L’Oréal, A great place to work

A survey by the American magazine Fortune ranks L’Oréal among the ten "best companies to work for" in Europe. It is the only French company on this list.

An international atmosphere, a great deal of autonomy and responsibility for all employees, excellent human relations and excellent benefits, a pleasant working environment even at the factory level….the American magazine Fortune had more than enough reasons to place L'Oréal – the only French company in this ranking – on its European short list of "10 Great Companies to Work For". The final choice was made after a thorough Europe-wide survey based on numerous visits to the firms under consideration and dozens of interviews with their employees. . Although this is the first year European companies have been ranked by Fortune, their list of the top 100 American companies to work for has been a benchmark reference since 1993 and has been updated annually since 1997. The European firms on this year’s list are ING (The Netherlands), L’Oréal (France), Morgan Stanley (UK), Nokia (Finland), Novo Nordisk (Denmark), Porsche (Germany), Prêt A Manger (UK), San Raffaele (Italy), Skandia (Sweden) and ST Microelectronics (Switzerland).

A Passion for Beauty

To give readers an idea of the "L’Oréal ambiance", Fortune describes the scene at the company’s Panoramic Coffee Bar between 8:30 and 9:30 in the morning. "There you will see, on any day of the week, comments the magazine, one of the most stylishly dressed work forces in the world, ... talking animatedly about the work at hand. These are people with a passion for beauty products."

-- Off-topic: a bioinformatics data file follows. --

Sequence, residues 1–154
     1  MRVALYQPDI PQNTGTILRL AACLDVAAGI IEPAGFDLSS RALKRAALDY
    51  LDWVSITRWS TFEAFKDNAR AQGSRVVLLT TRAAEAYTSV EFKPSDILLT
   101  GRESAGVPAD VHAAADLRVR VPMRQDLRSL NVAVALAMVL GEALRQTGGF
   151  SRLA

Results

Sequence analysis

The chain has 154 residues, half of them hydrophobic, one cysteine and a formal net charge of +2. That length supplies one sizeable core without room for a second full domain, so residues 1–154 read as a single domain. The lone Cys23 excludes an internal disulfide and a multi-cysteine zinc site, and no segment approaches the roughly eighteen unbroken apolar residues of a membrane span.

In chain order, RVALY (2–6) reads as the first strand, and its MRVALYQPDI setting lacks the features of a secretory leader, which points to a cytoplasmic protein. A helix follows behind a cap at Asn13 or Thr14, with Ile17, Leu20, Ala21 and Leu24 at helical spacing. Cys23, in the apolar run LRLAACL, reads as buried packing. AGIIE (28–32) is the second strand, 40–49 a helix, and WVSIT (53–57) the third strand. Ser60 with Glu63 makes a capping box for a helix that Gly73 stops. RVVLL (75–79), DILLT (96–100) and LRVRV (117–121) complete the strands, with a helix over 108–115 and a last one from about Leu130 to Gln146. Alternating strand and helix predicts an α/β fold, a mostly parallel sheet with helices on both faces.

Multicultural and international

In particular, the American journalists attribute this passion to the fact that L'Oreal is a genuinely international company and everyone there feels enriched by the multicultural environment. The coffee bar conversation is mostly in French, but it could just as easily be in English, Italian, German, or a number of other languages. "The international character of the company was cited as an advantage over and over again in conversations we had", the article underlines. The writers also point out that there are 45 nationalities represented in the L'Oreal work force, and that the company is headed by a Welshman, Lindsay Owen-Jones.

Another factor that contributes to employee satisfaction is the opportunity to take on responsibility very early in one’s career and to express one’s personality. "L'Oreal employees thrive on the freedom and autonomy that are hallmarks of the company's culture.", the magazine observes, citing several examples and viewpoints of young managers. They evoke the "right to be wrong", or "the right to be different" given to all employees. After listing the many "fringe benefits" enjoyed by L'Oréal employees, the journalists conclude that, "not surprisingly", turnover is low with an average tenure of 14 years. One explanation for such a high degree of employee satisfaction is provided by François Vachey, L'Oreal's Vice President for Human Relations, "Loyalty to the company is very important to us. People come, they join, and they stay." And another reason why people tend to like their jobs is apparent in a quote from Lindsay Owen Jones, L'Oréal's CEO, "When I see financial analysts I always tell them that one of the reasons for our success is the special relationship we have with our people."